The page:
Moltmann refers to the church as “the concrete” and “live eschatological hope” for the world (Moltmann, Theology of Hope, 304). Gerald O’Collins explains,
Moltmann’s ecclesiology is summed up by his description of the Church as ‘exodus community’…In their eschatological hope this pilgrim people of God have something special to say to the world. Oriented towards the future of Christ and the future of the world in Christ they give themselves to the work of propagating hope, infecting [people] with hope (O’Collins, “The Principle and Theology of Hope,” 138).
For Moltmann, infecting people with hope is accomplished through proclaiming the hope of God’s eschatological future. He writes,
Christian proclamation is not a tradition of wisdom and truth in doctrinal principles. Nor is it a tradition of ways and means of living according to the law. It is the announcing, revealing and publishing of an eschatological event. It reveals the risen Christ’s lordship over the world and sets men free for the coming salvation in faith and hope (Moltmann, Theology of Hope, 299).
Christian proclamation speaks into the contradictions between cross and resurrection, present reality and future promise, suffering and hope, and acts to “stimulate missionary unrest” (Irish, “Moltmann’s Theology of Contradiction,” 30).
Victory doesn’t come by winning religious and political battles with Islam or other religions. It comes by spreading the message of hope in the coming resurrection and renewal of all things.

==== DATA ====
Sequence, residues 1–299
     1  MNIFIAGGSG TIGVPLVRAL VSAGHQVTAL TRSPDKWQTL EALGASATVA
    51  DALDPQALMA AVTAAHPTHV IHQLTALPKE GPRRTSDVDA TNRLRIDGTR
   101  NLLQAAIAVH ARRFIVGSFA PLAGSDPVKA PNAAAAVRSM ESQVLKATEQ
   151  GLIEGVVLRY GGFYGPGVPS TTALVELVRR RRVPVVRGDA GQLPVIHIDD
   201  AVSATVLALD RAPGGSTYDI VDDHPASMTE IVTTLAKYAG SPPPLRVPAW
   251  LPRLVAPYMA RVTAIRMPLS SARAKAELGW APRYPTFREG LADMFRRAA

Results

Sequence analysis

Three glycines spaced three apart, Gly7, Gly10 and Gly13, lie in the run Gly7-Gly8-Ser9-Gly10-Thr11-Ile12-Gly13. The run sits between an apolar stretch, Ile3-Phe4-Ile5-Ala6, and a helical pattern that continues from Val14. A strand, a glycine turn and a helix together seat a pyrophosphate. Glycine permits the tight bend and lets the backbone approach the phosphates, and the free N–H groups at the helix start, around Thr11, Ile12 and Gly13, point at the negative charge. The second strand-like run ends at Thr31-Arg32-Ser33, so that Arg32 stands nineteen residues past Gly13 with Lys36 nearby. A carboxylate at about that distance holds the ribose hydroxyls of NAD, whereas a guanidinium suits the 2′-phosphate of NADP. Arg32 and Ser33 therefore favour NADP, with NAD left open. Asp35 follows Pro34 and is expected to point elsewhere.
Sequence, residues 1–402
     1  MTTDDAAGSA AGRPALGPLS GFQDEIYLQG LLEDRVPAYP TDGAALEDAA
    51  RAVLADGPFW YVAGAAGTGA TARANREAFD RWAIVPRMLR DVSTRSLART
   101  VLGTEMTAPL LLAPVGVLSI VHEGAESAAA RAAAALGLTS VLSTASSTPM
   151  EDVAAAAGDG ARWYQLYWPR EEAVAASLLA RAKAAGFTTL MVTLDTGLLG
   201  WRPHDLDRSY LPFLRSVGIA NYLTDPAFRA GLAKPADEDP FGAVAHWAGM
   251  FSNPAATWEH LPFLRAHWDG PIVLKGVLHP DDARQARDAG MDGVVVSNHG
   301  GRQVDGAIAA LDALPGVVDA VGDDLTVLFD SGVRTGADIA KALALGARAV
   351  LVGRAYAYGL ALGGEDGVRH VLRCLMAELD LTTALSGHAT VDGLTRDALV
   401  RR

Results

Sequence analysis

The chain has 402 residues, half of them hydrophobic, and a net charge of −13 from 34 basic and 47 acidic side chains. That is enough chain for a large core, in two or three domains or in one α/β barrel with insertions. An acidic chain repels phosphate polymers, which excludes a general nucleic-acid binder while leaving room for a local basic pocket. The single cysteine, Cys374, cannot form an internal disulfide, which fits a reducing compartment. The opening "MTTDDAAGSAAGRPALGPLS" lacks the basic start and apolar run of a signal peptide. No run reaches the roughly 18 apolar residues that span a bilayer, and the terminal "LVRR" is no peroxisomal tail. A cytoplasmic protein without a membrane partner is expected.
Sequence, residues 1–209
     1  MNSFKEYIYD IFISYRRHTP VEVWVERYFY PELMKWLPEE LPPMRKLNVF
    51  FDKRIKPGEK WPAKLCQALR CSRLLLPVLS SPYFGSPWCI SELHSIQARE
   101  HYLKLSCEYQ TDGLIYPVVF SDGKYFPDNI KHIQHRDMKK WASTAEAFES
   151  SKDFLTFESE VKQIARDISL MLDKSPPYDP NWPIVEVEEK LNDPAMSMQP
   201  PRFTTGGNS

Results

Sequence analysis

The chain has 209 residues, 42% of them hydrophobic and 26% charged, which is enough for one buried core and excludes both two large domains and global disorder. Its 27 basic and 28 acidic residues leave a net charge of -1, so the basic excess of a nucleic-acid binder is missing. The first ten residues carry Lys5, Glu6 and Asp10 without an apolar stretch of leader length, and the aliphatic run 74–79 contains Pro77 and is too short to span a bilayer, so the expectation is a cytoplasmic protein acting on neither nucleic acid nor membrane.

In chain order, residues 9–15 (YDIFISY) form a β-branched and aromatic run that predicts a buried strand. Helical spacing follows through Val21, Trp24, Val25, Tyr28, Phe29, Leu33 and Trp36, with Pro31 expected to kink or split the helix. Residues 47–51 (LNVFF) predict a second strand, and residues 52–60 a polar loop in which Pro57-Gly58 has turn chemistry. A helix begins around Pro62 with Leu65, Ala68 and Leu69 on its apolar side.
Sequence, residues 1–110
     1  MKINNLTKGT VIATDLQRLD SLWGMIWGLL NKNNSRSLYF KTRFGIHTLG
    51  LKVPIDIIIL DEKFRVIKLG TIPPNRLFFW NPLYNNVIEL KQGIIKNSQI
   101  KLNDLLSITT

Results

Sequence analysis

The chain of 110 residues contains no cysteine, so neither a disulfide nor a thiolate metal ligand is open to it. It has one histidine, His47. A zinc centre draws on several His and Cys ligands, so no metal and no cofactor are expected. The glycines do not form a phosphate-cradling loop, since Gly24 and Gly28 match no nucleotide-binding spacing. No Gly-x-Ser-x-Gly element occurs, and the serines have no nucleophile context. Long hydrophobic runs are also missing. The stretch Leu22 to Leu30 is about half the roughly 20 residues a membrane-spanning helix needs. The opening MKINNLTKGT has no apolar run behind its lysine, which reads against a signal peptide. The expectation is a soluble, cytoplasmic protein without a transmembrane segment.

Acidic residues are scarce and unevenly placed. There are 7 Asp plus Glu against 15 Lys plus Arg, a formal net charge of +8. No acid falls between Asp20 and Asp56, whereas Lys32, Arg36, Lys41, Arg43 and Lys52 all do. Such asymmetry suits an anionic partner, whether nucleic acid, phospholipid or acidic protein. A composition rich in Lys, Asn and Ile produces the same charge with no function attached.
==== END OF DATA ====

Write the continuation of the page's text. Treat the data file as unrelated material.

Like Churchill, we are called to be visible and outspoken as we speak of the victory of Christ whom God raised from the dead. We are called to protest death and evil through a message of hope in God’s coming kingdom.
“V” is for victory—in Christ—over evil and death. Yes, our message is hope.
Bauckham, R.J. “Moltmann’s Theology of Hope Revisited.” Scottish Journal of Theology 42 (1989): 199-214.
Braaten, Carl E. “Toward a Theology of Hope.” In New Theology No. 5. Edited by Martin E. Marty and Dean G. Peerman. Toronto, Ontario: The Macmillian Company, 1969.
Irish, J.A. “Moltmann’s Theology of Contradiction.” Theology Today 32 (1975): 21-31.
MacDonald, James. “British Open ‘V’ Nerve War; Churchill Spurs Resistance.” The New York Times, July 20, 1941. Front page (http://www.nytimes.com/learning/general/onthisday/big/0719.html).
Moltmann, Jürgen. Theology of Hope: On the ground and the implications of a Christian eschatology. Minneapolis, MN: Fortress Press, 1993.
O’Collins, Gerald. “The Principle and Theology of Hope.” Scottish Journal of Theology 21 (June 1968): 129-144.